"Memento Mori" – "Remember your mortality" – was whispered into the ears of Roman generals as they celebrated their great military triumphs. Someone should be whispering something similar in the ear of Gov. Jerry Brown, who has been quick to celebrate his tax and budget "triumph" and to denounce as "declinists" those who threaten to rain on the gubernatorial parade. read more »
“Indeed, we have the know-how, but we do not have the know-why, nor the know-what-for”—Erich Fromm, social psychologist.
The question of how you “become” as a city has been weighing on me lately. Is it enough to get people back into the emptiness? Is it enough to pretty the derelict? I mean, is the trajectory of Cleveland’s success simply a collection of micro-everythings, start-ups, and occupancy rates? That is, is Cleveland’s reward simply the benefit of being creatively classed? read more »
There is a crisis in America that’s not being attended to. It is the housing crisis, and its tentacles reach deep into the decline of the American middle class. Particularly, the interlocking dynamics of foreclosure, abandonment, and blight are draining the net worth of millions of Americans. The solutions to date have been piecemeal and ineffective. read more »
livability: (livable) fit or suitable to live in or with; “livable conditions”.
“Livability” has been a buzz word in city development for some time, and for good reason, as who doesn’t want livability, outside the zombie cohort? Things get hairy, though, when “livability”—as an economic development strategy—gets unpacked, because questions arise: “Livability” for whom? “Livability” at what cost? read more »
It’s true. I am not happy all the time living in Cleveland. But I don’t want to be happy all the time. That’s unnatural. Said Nietzsche:
“Sometimes, struggles are exactly what we need in our life. If we were to go through our life without any obstacles, we would be crippled. We would not be as strong as what we could have been.”read more »
There is a new video out marketing Cleveland and a new slogan: “Downtown Cleveland: It’s here”. Now, I struggle with critiquing it. One the one hand, I get its energy and optimism: the energy in Downtown is palpable, real—there is a bit of a youth movement to the core—and hence the compilation of images, sounds, and narratives that are trying to capitalize and communicate what is going down.
Picasso said “Art is a lie that tells the truth”. Nowadays, there’s less truth to that, as the creative process is increasingly about prettying up and papering over what’s broke.
More on that shortly, but first, about the breakage: it’s legitimate. Said Nobel laureate Joseph E. Stiglitz in a recent NY Times piece that plain-talks our economic conditions: “Increasing inequality means a weaker economy, which means increasing inequality, which means a weaker economy.”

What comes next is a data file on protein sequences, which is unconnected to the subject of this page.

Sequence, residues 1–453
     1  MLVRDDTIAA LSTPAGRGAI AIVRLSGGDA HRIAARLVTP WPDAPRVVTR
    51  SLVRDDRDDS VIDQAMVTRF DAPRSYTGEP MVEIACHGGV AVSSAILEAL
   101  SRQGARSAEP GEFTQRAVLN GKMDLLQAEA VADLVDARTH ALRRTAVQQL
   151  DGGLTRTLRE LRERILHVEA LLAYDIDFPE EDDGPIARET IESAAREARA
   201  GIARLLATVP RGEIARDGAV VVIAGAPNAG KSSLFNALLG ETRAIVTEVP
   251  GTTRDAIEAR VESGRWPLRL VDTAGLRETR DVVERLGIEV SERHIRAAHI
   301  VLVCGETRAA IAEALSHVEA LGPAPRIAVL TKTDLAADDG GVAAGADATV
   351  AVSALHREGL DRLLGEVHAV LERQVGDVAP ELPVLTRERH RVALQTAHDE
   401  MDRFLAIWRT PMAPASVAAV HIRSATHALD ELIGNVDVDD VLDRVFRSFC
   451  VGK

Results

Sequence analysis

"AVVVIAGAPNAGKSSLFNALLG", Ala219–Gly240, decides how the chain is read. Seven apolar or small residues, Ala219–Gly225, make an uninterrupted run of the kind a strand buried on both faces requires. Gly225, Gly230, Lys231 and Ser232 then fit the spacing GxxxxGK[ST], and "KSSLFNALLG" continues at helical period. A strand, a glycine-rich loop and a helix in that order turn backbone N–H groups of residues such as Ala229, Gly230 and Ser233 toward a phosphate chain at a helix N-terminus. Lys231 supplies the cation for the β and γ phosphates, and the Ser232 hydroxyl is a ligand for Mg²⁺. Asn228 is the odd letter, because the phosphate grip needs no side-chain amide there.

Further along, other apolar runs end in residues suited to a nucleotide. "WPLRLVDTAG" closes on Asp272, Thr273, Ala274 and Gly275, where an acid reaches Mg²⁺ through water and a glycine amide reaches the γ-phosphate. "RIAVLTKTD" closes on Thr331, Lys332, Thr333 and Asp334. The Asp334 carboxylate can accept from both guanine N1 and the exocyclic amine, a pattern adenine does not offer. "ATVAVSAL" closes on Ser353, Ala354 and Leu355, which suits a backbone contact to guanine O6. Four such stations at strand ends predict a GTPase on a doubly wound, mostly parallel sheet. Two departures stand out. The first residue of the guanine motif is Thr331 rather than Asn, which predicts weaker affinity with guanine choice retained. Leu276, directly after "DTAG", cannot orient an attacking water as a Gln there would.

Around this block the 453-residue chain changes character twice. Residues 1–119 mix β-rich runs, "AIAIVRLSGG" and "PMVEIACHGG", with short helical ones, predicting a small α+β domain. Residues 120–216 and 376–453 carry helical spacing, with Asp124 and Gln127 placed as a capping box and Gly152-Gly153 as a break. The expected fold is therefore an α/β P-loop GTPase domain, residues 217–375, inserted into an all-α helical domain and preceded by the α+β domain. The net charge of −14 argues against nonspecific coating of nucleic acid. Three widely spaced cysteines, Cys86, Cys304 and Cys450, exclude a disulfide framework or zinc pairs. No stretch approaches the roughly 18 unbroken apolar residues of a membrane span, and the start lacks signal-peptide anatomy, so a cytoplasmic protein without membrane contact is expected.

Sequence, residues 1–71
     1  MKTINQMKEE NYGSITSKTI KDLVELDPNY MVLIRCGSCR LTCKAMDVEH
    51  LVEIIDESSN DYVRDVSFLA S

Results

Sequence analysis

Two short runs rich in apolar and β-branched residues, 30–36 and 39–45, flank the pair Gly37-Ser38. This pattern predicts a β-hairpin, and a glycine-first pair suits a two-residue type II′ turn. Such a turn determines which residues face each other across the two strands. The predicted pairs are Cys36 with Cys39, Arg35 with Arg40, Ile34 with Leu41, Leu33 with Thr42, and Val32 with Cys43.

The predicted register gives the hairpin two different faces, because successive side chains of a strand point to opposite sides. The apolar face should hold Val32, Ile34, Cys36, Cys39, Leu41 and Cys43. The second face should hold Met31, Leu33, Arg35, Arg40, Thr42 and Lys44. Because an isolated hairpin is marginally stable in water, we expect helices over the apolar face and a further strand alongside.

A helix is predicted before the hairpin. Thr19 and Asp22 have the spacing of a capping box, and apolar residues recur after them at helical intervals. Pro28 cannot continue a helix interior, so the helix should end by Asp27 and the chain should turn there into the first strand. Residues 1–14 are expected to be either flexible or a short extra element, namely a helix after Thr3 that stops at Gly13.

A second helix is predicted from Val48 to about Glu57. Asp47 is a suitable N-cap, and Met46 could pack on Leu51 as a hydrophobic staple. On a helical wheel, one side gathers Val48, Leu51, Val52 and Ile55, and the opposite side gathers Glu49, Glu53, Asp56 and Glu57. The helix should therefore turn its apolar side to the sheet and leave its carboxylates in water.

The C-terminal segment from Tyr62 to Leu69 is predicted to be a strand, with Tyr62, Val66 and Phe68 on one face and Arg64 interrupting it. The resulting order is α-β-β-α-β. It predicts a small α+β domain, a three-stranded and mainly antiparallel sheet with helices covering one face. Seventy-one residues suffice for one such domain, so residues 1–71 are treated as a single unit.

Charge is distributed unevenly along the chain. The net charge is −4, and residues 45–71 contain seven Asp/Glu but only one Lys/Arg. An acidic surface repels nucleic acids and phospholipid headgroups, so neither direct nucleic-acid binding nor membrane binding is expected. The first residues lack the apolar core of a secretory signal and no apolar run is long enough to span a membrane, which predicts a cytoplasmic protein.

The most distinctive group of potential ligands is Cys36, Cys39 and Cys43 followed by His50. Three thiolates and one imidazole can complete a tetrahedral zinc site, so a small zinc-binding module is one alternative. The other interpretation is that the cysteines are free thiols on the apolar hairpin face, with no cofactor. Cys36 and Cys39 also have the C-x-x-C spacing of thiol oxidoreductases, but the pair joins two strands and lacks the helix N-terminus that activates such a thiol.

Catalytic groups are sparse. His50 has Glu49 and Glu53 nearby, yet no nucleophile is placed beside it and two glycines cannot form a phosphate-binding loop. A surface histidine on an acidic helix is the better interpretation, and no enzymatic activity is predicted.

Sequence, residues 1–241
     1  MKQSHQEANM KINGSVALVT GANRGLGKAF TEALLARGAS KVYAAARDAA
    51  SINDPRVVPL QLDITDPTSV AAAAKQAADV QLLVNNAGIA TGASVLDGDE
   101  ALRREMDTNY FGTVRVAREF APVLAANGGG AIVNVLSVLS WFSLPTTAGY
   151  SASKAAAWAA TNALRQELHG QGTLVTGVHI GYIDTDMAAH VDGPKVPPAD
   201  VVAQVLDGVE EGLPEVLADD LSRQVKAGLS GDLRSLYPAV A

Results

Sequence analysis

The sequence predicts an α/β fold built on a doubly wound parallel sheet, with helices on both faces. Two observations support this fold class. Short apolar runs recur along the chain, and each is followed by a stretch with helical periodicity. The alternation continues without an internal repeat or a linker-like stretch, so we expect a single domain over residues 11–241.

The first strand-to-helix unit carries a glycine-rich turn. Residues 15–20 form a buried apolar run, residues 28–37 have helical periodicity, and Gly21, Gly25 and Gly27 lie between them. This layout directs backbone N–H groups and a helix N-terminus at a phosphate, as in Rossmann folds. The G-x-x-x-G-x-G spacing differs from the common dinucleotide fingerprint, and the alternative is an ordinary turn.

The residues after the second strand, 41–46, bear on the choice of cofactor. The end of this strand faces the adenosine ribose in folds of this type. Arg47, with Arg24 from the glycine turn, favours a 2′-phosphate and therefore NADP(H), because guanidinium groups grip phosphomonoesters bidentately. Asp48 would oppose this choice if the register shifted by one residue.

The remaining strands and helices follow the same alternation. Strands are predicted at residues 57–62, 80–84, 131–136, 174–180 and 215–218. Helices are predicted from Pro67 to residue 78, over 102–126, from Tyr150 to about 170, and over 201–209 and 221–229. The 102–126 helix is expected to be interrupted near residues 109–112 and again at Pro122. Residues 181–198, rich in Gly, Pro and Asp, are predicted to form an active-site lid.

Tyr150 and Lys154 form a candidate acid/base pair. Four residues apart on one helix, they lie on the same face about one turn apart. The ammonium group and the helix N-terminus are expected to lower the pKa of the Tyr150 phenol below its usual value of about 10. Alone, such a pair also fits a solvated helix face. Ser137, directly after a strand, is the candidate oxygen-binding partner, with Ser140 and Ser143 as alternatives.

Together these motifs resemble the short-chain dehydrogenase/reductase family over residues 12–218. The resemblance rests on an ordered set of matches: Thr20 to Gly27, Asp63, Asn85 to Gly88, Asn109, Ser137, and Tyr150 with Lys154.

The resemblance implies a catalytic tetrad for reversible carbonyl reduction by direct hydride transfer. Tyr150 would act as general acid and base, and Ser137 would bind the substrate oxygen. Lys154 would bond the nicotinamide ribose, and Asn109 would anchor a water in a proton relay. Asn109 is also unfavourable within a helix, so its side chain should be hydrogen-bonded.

That assessment—from a very smart man studying the problem—isn’t good. But in the American feel-good milieu you wouldn’t know it: “We’re coming out if it.” “Tomorrow is forever.” “Start-ups will save the U.S.” Etc. And while tone deaf, this kind of brushing off of problems isn’t new, but part of what social critic Barbara Ehrenreich refers to as America’s “cult of cheerfulness”, and it’s a “cult” that has spawned a longstanding and growing American feel-good industry. read more »
The United States Census Bureau has released a report (Patterns of Metropolitan and Micropolitan Population Change: 2000 to 2010.) on metropolitan area growth between 2000 and 2010. The Census Bureau's the news release highlighted population growth in downtown areas, which it defines as within two miles of the city hall of the largest municipality in each metropolitan area. read more »
Bits and pieces of ideal cities have been incorporated into real ones; traffic projects and housing schemes are habitually introduced by their sponsors as at least preliminary steps to paradise. The ideal city gives us the authority to castigate the real one; while the sore itch of real cities goads us into creating ideal ones. Jonathan Raban, from Soft City
There’s a spot in Cleveland that is becoming what many had hoped for: a bit vibrant, a bit hip, with breweries, local retail, and farm-to-table restaurants turning that hard rawness of a disinvested Rust Belt city strip into a thing less raw. read more »
“Rust Belt Chic is the opposite of Creative Class Chic. The latter [is] the globalization of hip and cool. Wondering how Pittsburgh can be more like Austin is an absurd enterprise and, ultimately, counterproductive. I want to visit the Cleveland of Harvey Pekar, not the Miami of LeBron James. I can find King James World just about anywhere. Give me more Rust Belt Chic.” Jim Russell, blogger at Burgh Diaspora
National interest in a Rust Belt “revival” has blossomed. There are the spreads in Details, Atlantic Cities, and Salon, as well as an NPR Morning Edition feature. And so many Rust Belters are beginning to strut a little, albeit cautiously–kind of like a guy with newly-minted renown who’s constantly poking around for the “kick me” sign, if only because he has a history of being kicked. read more »